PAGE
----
Androgen-Deprivation Therapy

Posted by Graham McMahon • May 27th, 2011

In this week’s Case Record of the Massachusetts General Hospital, a 67-year-old man was seen because of an elevated serum level of prostate-specific antigen 18 months after radical prostatectomy and external-beam radiation therapy for prostate cancer. A management decision was made.

ADT, either by means of bilateral orchiectomies or the administration of a gonadotropin-releasing hormone (GnRH) agonist or antagonist, is the mainstay of treatment for metastatic prostate cancer and for the recurrence of high-risk “PSA only” disease.

Clinical Pearls

What are the benefits of ADT for patients with recurrent or metastatic prostate cancer?

ADT is associated with an objective response rate of greater than 80% and a response duration of approximately 2 years. Long-term neoadjuvant treatment with a GnRH agonist improves the rates of disease-free and overall survival in men receiving external-beam radiation therapy for locally advanced or high-risk nonmetastatic prostate cancer. Adjuvant therapy with a GnRH agonist also improves the survival rate in men with node-positive disease after prostatectomy.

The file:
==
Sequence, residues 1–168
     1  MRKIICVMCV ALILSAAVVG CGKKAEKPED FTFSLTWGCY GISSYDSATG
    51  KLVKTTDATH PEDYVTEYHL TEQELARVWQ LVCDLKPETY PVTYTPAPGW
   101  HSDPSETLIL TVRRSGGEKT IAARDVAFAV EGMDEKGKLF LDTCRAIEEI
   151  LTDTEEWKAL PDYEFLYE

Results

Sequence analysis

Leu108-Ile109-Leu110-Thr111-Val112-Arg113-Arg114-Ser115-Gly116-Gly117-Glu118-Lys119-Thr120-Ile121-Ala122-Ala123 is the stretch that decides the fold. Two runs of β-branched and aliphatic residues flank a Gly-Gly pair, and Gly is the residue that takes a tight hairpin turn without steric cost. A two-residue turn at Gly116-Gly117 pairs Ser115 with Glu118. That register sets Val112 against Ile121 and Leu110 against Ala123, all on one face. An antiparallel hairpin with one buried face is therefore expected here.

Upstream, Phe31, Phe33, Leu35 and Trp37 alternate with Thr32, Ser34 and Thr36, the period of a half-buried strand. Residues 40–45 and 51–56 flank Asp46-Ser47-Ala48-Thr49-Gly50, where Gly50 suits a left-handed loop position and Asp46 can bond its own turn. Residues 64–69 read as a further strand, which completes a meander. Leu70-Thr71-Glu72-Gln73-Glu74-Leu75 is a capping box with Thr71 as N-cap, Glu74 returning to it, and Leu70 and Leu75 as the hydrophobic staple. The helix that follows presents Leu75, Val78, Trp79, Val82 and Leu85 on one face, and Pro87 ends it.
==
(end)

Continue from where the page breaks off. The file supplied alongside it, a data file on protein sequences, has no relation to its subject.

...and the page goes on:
When should ADT be initiated?

In a systematic review of immediate ADT versus ADT that was deferred until clinical progression for men with locally advanced or metastatic prostate cancer, early ADT was associated with greater 10-year rates of overall survival. The estimated number needed to treat to prevent one death at 10 years was approximately 25.

Morning Report Questions

Q: What are the adverse effects of androgen-deprivation therapy?

A: ADT has a variety of adverse effects related to hypogonadism, including loss of libido, vasomotor flushing, fatigue, anemia, and osteoporosis. ADT also is associated with a variety of adverse metabolic effects. ADT decreases muscle mass (by approximately 3% during the first year of treatment) and increases fat mass (by approximately 10% during the first year of treatment). ADT increases fasting plasma insulin levels and decreases insulin sensitivity. ADT also increases the levels of serum triglycerides, low-density lipoprotein cholesterol, and high-density lipoprotein cholesterol. Consistent with these adverse metabolic effects, ADT has been linked to increased risks of diabetes and cardiovascular disease.

Q: Which patients receiving ADT should receive antiresorptive therapy?

A: In patients with T scores above −2.5 and no history of osteoporotic fractures, many experts would recommend treatment with calcium and vitamin D and then assess the fracture risk with the Fracture Risk Assessment Tool (FRAX) to decide whether to add an antiresorptive agent. Most current guidelines recommend antiresorptive therapy if the 10-year risks for major osteoporotic fracture and hip fracture exceed 20% and 3%, respectively.

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